“It is clear that in certain circumstances an employee’s employment may be validly terminated because of out of hours conduct. But such circumstances are limited,:

      • the conduct must be such that, viewed objectively, it is likely to cause serious damage to the relationship between the employer and employee; or
      • the conduct damages the employer’s interests; or
      • the conduct is incompatible with the employee’s duty as an employee.

In essence the conduct complained of must be of such gravity or importance as to indicate a rejection or repudiation of the employment contract by the employee.

Absent such considerations an employer has no right to control or regulate an employee’s out of hours conduct.”

In response to the arguments from the employee that the ACTU had suffered no damage from the posts, that the posts would have only have been viewed by a small number of people (who may have agreed with their content) and that no complaints were received by the ACTU about the posts, the FWC said this:

      1. At a more general level, the Applicant states his Facebook account does not include a picture of himself, does not identify his geographic location or that he was an employee of the ACTU. He further states that he has never posted comments about the ACTU or affiliate unions and has not been inundated with requests from ACTU staff to be ‘friends’ with him on Facebook[78]. Nor does he accept that he is a ‘public face’ of the ACTU and that it is improbable that hi “obscure Facebook account” would be viewed widely and linked back to the ACTU.


      1. I accept that the Applicant did not hold a senior role in the ACTU, that he may have held a low profile with ACTU affiliates or union members and that he did not have a large Facebook group. Those factors do not mean there was no risk of reputational damage to the ACTU or risk to its staff. The Applicant’s Facebook account was public and open to be shared and circulated well beyond his immediate circle of ‘friends.’ Once the posts were made, they were in the public domain unless and until their removal. There is also a certain tension in the Applicant’s claim of relative obscurity while at the same time claiming to have a commitment of “speaking truth to power.”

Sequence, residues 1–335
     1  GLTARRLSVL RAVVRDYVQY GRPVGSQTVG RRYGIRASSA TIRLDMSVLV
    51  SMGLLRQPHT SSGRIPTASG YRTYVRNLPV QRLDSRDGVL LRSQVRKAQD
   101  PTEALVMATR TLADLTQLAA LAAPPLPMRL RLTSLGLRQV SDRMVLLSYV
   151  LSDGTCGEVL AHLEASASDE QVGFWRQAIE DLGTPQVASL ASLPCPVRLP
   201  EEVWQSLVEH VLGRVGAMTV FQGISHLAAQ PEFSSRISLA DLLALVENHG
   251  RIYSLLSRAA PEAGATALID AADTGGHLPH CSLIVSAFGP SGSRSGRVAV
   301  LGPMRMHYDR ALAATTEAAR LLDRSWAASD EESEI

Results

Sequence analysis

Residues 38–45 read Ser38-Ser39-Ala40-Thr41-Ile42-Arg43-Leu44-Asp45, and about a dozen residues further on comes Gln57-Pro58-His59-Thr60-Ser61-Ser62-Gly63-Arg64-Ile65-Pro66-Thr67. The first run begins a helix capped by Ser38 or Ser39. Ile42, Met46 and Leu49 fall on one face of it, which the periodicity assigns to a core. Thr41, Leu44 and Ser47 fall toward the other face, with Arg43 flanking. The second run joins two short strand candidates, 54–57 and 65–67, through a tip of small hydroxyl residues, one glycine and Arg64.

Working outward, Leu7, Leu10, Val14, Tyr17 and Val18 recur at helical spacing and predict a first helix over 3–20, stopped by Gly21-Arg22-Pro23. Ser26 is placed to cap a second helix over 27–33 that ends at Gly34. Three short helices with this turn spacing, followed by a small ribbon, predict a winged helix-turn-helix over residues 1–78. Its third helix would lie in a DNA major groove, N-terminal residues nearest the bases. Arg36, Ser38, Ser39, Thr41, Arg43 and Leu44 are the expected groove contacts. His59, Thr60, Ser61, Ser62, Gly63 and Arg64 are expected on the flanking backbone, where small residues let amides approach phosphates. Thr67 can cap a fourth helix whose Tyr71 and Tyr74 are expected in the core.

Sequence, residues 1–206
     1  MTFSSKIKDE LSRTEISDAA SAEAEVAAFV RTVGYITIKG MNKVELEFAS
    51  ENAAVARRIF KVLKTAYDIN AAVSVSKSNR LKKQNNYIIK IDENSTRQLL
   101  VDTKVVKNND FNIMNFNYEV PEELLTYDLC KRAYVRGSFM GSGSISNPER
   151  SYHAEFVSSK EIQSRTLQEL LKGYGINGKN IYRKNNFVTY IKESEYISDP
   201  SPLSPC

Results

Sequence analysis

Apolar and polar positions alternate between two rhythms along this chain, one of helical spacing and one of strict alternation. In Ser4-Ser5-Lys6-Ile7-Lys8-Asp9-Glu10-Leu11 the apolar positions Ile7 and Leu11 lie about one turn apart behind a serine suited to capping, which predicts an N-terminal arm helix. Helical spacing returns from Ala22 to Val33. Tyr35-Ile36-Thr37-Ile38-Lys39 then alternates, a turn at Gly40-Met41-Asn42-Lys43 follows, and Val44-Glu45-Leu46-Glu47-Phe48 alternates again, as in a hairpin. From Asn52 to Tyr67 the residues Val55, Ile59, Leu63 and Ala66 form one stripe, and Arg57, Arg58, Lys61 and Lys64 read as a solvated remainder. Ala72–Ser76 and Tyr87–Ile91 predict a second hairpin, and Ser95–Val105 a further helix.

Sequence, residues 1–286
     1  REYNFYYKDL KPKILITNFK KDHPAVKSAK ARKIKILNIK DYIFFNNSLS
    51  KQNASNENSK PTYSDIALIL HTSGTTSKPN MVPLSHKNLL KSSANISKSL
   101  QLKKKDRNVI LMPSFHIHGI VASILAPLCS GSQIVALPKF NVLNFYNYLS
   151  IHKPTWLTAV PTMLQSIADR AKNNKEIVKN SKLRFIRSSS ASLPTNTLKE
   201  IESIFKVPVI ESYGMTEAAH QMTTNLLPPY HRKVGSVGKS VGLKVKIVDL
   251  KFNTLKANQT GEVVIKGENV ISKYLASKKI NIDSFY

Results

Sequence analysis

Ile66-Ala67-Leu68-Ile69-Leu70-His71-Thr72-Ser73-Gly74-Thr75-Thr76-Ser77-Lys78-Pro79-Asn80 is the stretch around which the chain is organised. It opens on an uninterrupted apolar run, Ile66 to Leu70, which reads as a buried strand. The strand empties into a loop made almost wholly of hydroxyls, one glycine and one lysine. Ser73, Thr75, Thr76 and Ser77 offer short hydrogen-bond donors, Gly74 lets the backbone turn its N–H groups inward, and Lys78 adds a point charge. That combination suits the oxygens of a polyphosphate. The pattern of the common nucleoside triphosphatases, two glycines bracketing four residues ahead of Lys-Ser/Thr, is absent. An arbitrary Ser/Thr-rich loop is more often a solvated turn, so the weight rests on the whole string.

1. The Applicant claims that his Facebook posts “speak truth to power” and cannot be labelled as offensive and do not unfairly or unreasonably offend, humiliate, intimidate belittle, undermine, scare, exclude, or embarrass anyone. The difficulty with this argument is that it the Applicant’s opinion as to how other persons might view his posts. Whether they are objectively offensive is irrelevant as it is whether the views expressed are contrary to his obligations under his contract of employment. As set out above, a number of the Facebook posts were in breach of his contract of employment.


Overall, in light of the above, the Commission found that the employee had not been unfairly dismissed and his application was rejected.


Lessons for employers

We would recommend that employers have clear policies on the use of social media and on rules about employees making public posts that are incompatible with the employer’s values.

It is unclear whether the Commission would have come to the same view (that dismissal was justified) if the employee had not worked for a public-facing organisation such as a trade union who had publicly expressed views regarding support for minority groups and for COVID vaccination.


Need further help?

If you require any assistance regarding social media policies, termination of employment, or any other area relating to employment law, please contact EI Legal.